Download the sample theme for this tutorial, MyTheme.zip, and extract the contents to the WordPress themes folder.
The WordPress themes folder can be found at the following locations:
Most themes have a single folder that contains all the theme files. In this case the folder is named MyTheme. The resulting theme folder paths are as follows (see Figure 5):
Next you need to tell WordPress to use the new theme files you just copied into the htdocs folder for your blog.
Once the theme files are in place, you can begin working in Dreamweaver to edit and preview them. Follow these steps to set up a site in Dreamweaver:
Note: For more details on setting up a site refer to Setting up a Dreamweaver site in Dreamweaver Help.
The next step is to configure a testing server in Dreamweaver for testing the WordPress theme files. Follow the detailed instructions in David Powers' article Setting up a local testing server in Dreamweaver CS5.
When I set up my site in Dreamweaver for this article, I set up:
Note: These paths may not work for you, depending on your machine setup.
Your site is now set up in Dreamweaver, and you can access both your local and remote theme files through Dreamweaver.
When you’re working with WordPress, Dreamweaver CS5 can be set up to show you WordPress-specific PHP code hints as you edit PHP code in Code view. Before you can work with code hints for WordPress (or another framework), you need to create a configuration file. The Site–Specific Code Hints feature scans your site to determine which Content Management System (CMS) framework you’re using. Dreamweaver supports three frameworks by default: Drupal, Joomla!, and WordPress.
Note: The code hints are specific to the site selected in the Dreamweaver Files panel. For the code hints to display, the page you are working on must reside in the currently selected site.
Once you set up the code hinting, you can give it a quick test to see how it works.
<?php get_header(); ?>.
The code hints feature helps you insert and edit code quickly and without mistakes. As you type PHP code, for instance, you see a list of appropriate candidates (with documentation if available) for the code you are typing.
<?php ecthat you just typed.
<?php wp_lis) and notice the list of code hints changes.
wp_list_pages($args)in the list. Notice the post-template.php to the right in the list (see Figure 9). This tells you in which PHP document the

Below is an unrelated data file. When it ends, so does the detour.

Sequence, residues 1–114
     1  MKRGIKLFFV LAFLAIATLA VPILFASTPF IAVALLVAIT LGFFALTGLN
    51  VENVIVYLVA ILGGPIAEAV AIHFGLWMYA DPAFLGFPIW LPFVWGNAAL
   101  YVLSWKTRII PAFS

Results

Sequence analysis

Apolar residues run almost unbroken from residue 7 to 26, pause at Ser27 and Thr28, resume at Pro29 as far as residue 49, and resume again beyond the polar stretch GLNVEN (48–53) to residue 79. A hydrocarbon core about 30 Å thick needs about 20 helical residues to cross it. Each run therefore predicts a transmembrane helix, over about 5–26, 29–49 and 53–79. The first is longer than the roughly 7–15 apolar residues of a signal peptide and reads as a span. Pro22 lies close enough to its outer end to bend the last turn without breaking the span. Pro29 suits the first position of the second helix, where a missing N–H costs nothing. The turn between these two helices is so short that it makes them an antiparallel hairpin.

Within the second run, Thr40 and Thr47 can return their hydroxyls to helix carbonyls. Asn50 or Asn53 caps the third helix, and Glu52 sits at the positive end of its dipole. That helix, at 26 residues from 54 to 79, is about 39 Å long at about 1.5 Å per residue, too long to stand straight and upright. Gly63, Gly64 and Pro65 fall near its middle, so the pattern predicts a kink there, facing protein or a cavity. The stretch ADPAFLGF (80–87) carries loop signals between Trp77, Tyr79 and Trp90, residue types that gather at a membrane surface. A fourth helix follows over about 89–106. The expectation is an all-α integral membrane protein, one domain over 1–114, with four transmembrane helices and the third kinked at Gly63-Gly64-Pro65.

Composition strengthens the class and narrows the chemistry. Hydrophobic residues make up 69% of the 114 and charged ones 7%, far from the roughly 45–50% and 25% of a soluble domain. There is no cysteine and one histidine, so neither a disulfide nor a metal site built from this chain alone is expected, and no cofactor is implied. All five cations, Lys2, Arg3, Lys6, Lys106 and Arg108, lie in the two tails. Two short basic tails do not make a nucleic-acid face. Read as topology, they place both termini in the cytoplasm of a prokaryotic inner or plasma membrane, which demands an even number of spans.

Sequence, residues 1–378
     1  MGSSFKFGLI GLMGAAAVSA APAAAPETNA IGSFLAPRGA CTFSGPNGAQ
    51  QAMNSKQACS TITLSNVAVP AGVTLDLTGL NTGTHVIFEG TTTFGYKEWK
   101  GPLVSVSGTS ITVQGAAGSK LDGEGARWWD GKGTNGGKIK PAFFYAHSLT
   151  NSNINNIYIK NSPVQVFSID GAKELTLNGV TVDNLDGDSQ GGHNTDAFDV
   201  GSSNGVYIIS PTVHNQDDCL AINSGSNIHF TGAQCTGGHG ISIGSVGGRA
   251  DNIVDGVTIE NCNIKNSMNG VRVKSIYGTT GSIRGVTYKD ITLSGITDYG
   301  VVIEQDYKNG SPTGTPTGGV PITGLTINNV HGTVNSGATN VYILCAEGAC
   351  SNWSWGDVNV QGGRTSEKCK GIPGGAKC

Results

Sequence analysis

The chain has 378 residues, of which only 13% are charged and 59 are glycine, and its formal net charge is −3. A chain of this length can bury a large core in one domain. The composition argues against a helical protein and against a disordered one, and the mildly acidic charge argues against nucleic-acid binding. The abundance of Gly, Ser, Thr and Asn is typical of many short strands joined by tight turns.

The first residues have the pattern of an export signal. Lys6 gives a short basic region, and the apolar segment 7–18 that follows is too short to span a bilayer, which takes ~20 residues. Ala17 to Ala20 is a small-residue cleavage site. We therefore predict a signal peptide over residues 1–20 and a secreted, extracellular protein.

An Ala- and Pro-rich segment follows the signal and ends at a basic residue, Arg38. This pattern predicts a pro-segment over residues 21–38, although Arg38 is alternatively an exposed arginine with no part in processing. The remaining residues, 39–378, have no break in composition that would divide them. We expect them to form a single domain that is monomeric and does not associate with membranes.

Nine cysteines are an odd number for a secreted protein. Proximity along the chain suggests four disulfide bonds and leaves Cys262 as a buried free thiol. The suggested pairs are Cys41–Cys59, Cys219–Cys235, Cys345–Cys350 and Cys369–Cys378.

wp_list_pages($args)function was found.
The next step is to test out the page in Dreamweaver and see the WordPress PHP in action in Dreamweaver using Live View. Live View differs from the traditional Dreamweaver Design view in that it provides a more realistic (though non-editable) rendering of what your page will look like in a browser. Live View does not replace the Preview in Browser command for typical HTML pages, but rather provides another way of seeing what your page looks like live without having to leave the Dreamweaver workspace.
When in Live View, notice the URL that appears in the Address box below the Live View button. This URL is the local address and is typically http://localhost/. This may seem confusing if this is the first time you are working with a WordPress site. Why doesn’t http://localhost/index.php appear in the Address bar instead? The index.php page is the default page for a WordPress blog, much like index.html is the default home page for a static site. The URL for such a page does not need the /index.html, nor does the URL for your WordPress blog need the /index.php.
Note: Your local web server must be running to test a page in Dreamweaver. One way to find out if the web server is running is to open a browser and view http://localhost. If the page shows up, then you know the web server is working.
Now that the site is set up and you are able to preview your blog in Dreamweaver, you can begin to edit the theme files and preview your changes. Part 3, Adding a logo, header styles, and menu covers editing theme files. You will learn how to add a navigation system and a few more essential features.
Tutorials and samples